Conventional wisdom has it that part of Netflix’s difficulty in earning an Oscar in one of the top five categories comes from the film industry’s distaste for streaming services. Keith Phipps, The Verge, "The company’s ongoing bid for awards legitimacy is a terrific boon for its subscribers," 3 Dec. 2018 At the top of the episode, Foy appears in a commercial parody poking fun at the sheer magnitude of available content for streaming on Netflix. Jennifer Lance, Glamour, "SNL Just Trolled All Your Favorite Netflix Shows," 2 Dec. 2018 The Romanoffs is available to stream on Amazon Prime; new episodes drop every Friday. Caroline Hallemann, Town & Country, "Christina Hendricks Reflects on Her Romanoffs' Character's Shocking Death," 20 Oct. 2018 For those in the mood for a good scare, some of the scariest movies of all time are also currently available for streaming. Julie Kosin, Harper's BAZAAR, "The 28 Best Halloween Movies on Netflix," 11 Oct. 2018 The company’s core cable business has declined in recent years as younger viewers cancel their subscriptions and opt for video-streaming platforms owned by Netflix Inc., Inc. and Alphabet Inc.’s Google. Benjamin Mullin, WSJ, "Viacom Expects Revenue Growth in 2019," 16 Nov. 2018 Netflix Every week, new original films debut on Netflix and other streaming services, often to much less fanfare than their big-screen counterparts. Alissa Wilkinson, Vox, "Netflix’s Outlaw King, starring Chris Pine as a Scottish warrior-king, is bloody medieval fun," 9 Nov. 2018 Of course, these 97 titles arriving on the streaming platform next month help cushion this blow. Christopher Rosa, Glamour, "Leaving Netflix in November 2018: Say Goodbye to These 24 Movies and TV Shows," 29 Oct. 2018 And with its annual Prime membership of $119, Amazon customers receive two-day shipping, along with other perks like movie and music streaming services. Anne D'innocenzio, The Seattle Times, "Target offers two-day shipping with no minimums for holiday," 24 Oct. 2018

These example sentences are selected automatically from various online news sources to reflect current usage of the word 'stream.' Views expressed in the examples do not represent the opinion of Merriam-Webster or its editors. Send us feedback.

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First Known Use of stream


before the 12th century, in the meaning defined at sense 1


13th century, in the meaning defined at intransitive sense 1a

History and Etymology for stream


Middle English streme, from Old English strēam; akin to Old High German stroum stream, Greek rhein to flow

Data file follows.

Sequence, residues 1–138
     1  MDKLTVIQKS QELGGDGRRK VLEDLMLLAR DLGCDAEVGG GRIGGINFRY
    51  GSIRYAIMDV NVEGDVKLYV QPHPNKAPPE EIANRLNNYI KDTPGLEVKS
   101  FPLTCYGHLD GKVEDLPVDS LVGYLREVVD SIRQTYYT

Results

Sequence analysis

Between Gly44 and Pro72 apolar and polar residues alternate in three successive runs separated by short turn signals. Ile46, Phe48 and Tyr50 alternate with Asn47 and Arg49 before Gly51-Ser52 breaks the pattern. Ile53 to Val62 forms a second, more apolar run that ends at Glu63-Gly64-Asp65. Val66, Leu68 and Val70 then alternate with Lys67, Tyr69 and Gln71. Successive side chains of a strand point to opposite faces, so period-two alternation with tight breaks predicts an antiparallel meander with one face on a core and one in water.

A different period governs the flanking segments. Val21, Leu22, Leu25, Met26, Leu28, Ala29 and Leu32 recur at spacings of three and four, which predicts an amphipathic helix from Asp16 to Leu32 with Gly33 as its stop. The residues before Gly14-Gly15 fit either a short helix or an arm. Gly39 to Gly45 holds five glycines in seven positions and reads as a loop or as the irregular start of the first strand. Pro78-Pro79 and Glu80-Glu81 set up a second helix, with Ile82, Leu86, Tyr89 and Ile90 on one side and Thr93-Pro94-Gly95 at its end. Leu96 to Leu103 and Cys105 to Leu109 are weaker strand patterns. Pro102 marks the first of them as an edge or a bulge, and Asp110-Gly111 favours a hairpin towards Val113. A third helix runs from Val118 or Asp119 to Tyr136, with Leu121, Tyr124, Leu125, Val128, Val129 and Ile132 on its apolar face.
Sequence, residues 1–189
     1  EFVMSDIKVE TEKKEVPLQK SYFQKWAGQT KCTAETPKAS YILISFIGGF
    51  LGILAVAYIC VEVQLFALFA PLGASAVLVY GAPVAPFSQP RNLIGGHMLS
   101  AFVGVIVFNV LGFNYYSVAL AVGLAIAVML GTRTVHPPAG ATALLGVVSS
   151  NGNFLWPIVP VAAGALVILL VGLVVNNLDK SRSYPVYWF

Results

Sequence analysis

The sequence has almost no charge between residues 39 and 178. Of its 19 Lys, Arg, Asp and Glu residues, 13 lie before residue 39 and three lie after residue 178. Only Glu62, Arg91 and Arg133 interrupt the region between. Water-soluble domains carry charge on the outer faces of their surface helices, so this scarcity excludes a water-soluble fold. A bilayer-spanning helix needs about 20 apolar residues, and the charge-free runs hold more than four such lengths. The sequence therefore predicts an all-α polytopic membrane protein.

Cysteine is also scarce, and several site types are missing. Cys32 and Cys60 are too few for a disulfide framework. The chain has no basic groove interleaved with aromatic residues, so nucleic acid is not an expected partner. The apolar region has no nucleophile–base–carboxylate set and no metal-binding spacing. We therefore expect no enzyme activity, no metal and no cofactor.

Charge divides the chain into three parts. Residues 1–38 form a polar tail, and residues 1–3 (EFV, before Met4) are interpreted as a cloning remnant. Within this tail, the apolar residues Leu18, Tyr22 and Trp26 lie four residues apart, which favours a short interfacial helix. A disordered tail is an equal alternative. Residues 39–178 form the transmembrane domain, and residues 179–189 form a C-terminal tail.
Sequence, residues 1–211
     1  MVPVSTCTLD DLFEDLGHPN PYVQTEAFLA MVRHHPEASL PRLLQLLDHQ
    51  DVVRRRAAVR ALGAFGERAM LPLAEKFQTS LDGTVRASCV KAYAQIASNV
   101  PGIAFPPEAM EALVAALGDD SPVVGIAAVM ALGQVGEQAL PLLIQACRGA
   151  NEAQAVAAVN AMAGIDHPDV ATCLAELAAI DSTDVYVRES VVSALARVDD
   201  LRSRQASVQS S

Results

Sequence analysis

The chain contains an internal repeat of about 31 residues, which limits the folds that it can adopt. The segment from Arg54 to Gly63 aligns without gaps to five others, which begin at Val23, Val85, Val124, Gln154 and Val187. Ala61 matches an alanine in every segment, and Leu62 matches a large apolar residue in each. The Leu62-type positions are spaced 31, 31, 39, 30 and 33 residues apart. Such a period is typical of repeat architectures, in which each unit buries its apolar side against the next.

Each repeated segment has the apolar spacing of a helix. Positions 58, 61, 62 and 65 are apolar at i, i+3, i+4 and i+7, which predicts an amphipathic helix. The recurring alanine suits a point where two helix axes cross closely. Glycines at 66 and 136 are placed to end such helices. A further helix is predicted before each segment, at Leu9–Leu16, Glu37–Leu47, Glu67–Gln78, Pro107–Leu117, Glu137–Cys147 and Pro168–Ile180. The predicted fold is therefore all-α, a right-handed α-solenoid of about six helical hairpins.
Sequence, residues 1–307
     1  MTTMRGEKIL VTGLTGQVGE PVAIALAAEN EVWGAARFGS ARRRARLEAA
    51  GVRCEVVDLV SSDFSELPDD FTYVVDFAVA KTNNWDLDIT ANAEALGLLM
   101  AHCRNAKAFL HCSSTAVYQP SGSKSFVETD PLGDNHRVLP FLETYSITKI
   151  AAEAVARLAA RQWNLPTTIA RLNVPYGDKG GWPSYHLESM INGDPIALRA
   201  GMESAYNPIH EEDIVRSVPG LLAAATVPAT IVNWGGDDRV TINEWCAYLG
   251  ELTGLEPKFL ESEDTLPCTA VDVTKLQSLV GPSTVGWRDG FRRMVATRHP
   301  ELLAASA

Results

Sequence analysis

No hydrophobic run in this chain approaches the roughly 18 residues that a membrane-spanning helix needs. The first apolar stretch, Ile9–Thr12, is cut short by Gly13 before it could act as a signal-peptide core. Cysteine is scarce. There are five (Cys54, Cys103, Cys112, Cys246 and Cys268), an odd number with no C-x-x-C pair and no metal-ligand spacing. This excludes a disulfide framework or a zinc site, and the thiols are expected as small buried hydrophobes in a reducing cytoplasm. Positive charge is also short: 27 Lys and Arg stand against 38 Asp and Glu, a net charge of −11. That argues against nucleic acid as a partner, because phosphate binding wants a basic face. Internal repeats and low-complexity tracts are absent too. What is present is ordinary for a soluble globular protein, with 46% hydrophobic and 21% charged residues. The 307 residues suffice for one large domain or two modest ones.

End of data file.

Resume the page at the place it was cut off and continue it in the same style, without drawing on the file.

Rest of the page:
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Statistics for stream

Last Updated

6 Dec 2018

Look-up Popularity

Time Traveler for stream

The first known use of stream was before the 12th century

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More Definitions for stream



English Language Learners Definition of stream

 (Entry 1 of 2)

: a natural flow of water that is smaller than a river

: any flow of liquid or gas

: a continuous flow of people or things



English Language Learners Definition of stream (Entry 2 of 2)

: to move in a steady flow

of the body or a body part : to produce a liquid continuously and often in large amounts

: to be or become wet with a liquid


\ˈstrēm \

Kids Definition of stream

 (Entry 1 of 2)

1 : a body of water (as a brook or river) flowing on the earth

2 : a flow of liquid or gas a stream of tears

3 : a steady series (as of words or events) following one another There was an endless stream of traffic.


streamed; streaming

Kids Definition of stream (Entry 2 of 2)

1 : to flow in or as if in a stream Rain was streaming down the windows.

2 : to give out a bodily fluid in large amounts His face streamed sweat.

3 : to become wet with flowing liquid The windows are streaming with rain.

4 : to trail out at full length Her hair streamed in the wind.

5 : to pour, enter, or arrive in large numbers The people streamed into the hall. Complaints were streaming in.

6 : to transfer (data, as music or videos) in a continuous stream especially to be played immediately


\ˈstrēm \

Medical Definition of stream 

: an unbroken current or flow (as of water, a bodily fluid, or a gas) — see bloodstream, midstream

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More from Merriam-Webster on stream

Rhyming Dictionary: Words that rhyme with stream

Thesaurus: All synonyms and antonyms for stream

Spanish Central: Translation of stream

Nglish: Translation of stream for Spanish Speakers

Britannica English: Translation of stream for Arabic Speakers Encyclopedia article about stream

Comments on stream

What made you want to look up stream? Please tell us where you read or heard it (including the quote, if possible).


the figure or shape of a crescent moon